Ms Joyce Aritua, daughter to the legendary golfer is arguably the longest female active member on the course, introduced by her father Mr Aritua; she believes there is no reason the female folk should shy away from the game; she is quick to assert that golf is not for the rich as is the common belief among many.
Despite the numerous challenges facing the new administration that include wear and tear of machines, trespassing among others, Chairman Matata says the future looks bright.
“We want to start nurturing talent of the children because this is what West Nile is known for, we have a lady Ms Sukran Sebbi on a full sponsorship at Ndejje University just because of Tennis and we want to get more” he says.
Matata says the next focus will be to tame corporate companies to join the game. Arua municipality and Arua hill division by press time had made commitments to provide fuel so the course can be neatly maintained; the arrangements are only set to be finalized, he narrates.
As we conclude the interviews on course and head back to the club house, the sight of the fleet of cars, the social members sipping their cold drinks and the boys roasting meat (Muchomo) is a reality I find hard to comprehend considering how disorganized this place had become with its additional woos caused by the botched deal with NSSF.
About the club
Mr Joe Aritua, now a member of trustees of the club and probably one of the most decorated members in the club’s history says, the club was formed in the 1930’s mainly in a bid to meet the colonial masters interests.
He began as cuddy and joined the Club full time in 1949 under the watchful eyes of the British bosses and some Asians; Mr. Aritua recalls the original composition of the club land covered what is now Arua hill grounds, areas as far as the Slumber land hotel in junior quarters, the Total fuel station and the former court house.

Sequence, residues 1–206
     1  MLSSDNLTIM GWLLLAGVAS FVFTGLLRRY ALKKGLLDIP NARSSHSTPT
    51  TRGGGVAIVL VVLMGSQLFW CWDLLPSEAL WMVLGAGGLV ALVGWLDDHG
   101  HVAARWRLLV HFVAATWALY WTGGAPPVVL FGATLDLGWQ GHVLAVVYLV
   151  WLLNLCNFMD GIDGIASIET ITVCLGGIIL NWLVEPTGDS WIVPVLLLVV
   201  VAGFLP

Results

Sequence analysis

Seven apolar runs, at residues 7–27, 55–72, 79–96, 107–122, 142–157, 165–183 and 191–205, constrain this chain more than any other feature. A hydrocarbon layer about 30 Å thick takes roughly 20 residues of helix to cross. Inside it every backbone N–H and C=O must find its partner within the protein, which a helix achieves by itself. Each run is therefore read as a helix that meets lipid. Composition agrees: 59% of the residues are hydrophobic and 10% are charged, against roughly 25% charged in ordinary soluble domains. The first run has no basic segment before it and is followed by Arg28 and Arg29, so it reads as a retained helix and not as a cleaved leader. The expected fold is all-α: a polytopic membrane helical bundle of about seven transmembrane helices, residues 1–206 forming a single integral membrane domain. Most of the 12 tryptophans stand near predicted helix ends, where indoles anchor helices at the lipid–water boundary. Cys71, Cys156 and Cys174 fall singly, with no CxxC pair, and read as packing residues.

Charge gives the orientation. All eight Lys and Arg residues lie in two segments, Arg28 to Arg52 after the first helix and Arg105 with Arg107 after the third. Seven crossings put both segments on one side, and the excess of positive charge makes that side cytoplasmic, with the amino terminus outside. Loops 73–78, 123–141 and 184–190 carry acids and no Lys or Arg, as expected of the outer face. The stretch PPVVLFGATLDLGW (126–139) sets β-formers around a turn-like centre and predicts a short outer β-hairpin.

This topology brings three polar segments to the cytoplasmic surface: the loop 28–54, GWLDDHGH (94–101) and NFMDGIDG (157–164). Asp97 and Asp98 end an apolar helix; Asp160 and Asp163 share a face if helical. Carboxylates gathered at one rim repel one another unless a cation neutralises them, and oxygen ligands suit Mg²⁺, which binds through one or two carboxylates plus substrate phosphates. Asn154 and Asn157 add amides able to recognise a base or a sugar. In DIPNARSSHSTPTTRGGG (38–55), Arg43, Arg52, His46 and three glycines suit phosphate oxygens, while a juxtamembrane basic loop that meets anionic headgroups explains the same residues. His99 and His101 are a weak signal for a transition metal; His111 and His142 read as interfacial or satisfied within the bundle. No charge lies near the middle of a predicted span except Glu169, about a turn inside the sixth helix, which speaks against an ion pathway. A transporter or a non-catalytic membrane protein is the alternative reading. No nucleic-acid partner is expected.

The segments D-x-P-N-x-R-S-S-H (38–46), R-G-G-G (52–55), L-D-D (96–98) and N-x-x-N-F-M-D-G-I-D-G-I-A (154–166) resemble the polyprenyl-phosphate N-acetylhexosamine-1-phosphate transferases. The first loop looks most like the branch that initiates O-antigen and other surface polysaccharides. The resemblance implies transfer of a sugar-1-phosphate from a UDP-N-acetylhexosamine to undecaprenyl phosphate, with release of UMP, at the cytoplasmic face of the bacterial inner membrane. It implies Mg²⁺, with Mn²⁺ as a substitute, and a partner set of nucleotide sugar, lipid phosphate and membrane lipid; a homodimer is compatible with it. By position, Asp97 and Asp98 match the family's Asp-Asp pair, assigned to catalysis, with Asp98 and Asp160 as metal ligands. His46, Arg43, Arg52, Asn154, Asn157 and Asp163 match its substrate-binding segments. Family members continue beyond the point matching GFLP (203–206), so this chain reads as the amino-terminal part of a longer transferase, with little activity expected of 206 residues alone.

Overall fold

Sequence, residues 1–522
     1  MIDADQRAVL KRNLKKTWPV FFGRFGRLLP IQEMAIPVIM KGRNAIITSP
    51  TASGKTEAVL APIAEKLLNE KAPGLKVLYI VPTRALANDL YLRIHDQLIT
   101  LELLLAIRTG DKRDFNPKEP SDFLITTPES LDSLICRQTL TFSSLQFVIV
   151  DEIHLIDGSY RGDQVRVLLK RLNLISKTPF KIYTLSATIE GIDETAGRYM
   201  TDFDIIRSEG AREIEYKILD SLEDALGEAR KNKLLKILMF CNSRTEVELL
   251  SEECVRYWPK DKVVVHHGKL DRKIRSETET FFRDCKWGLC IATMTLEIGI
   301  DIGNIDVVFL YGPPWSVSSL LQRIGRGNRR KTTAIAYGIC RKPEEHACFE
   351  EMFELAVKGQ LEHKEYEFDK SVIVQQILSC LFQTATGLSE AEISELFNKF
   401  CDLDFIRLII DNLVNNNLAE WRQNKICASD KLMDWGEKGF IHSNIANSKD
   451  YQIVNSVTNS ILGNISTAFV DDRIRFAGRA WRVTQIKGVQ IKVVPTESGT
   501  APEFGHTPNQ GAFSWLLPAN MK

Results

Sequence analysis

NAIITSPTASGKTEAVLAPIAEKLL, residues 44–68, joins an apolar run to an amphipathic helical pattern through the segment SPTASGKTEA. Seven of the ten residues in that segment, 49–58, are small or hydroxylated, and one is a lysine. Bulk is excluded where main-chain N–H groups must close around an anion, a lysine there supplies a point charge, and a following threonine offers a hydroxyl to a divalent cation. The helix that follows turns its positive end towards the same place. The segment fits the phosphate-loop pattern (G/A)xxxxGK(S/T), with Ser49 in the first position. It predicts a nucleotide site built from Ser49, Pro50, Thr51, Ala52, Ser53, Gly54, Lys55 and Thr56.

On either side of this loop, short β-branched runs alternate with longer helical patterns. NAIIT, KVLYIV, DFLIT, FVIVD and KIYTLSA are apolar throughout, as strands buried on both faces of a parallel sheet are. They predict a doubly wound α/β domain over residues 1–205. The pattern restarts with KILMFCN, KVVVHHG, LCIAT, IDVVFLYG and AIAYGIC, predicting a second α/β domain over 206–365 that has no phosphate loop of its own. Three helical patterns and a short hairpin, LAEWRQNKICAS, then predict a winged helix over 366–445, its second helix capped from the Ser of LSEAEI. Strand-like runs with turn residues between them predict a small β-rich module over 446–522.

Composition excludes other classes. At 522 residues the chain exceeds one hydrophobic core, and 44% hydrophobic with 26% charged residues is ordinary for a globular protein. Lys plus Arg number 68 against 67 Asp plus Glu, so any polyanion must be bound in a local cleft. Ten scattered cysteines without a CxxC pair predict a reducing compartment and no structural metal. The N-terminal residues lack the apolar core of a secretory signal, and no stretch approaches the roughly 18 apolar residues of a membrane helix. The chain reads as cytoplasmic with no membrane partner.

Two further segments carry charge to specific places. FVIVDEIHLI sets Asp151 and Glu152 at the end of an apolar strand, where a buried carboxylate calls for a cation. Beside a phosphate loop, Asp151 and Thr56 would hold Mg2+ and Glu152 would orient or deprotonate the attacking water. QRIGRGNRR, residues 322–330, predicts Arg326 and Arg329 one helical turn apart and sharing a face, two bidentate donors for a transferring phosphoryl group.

He recalls the club reverted to the local leadership in the 1972 after the expulsion of Asians.
“From 1972 we started playing seriously, golfers like Micheal Popo, Adutia, Mohamed, Omar Olema, John Mayanja the chief Magistrate, Dan Nsereko, Omar Bashir and many other young people joined hands to sustain the club operations” he recounts.
At its height, he says the course had what was called the Nile open, a national tournament that attracted many participants from across the country; Members at the club also took part in different tournaments across the country under the Uganda Golf Union (UGU).
Aritua says there have been attempts to grab the golf course that members have rigorously thwarted.
“People have been crazy about this place, I remember in the 1970’s when the government wanted to establish a national hospital at the golf course land, but we put up a spirited fight and talked to President Amin who was himself a sportsman and we were able to convince him to abandon the plan, unfortunately many of the golf courses were lost completely to other investments or heavily encroached on” he says.
With the 1979 war, activities of the club were disrupted but the fighting spirit of the members continued thus the course was brought back after.
Fast forward to 2018, Aritua is now pleased with the current batch of young leaders after what he called a mess with the National social security Fund (NSSF) in which there was no active golf, and wants the members to defend the golf heritage at all cost.
Despite being disabled from active golf from a number of injuries he sustained, he speaks passionately about returning to the course to mentor his juniors.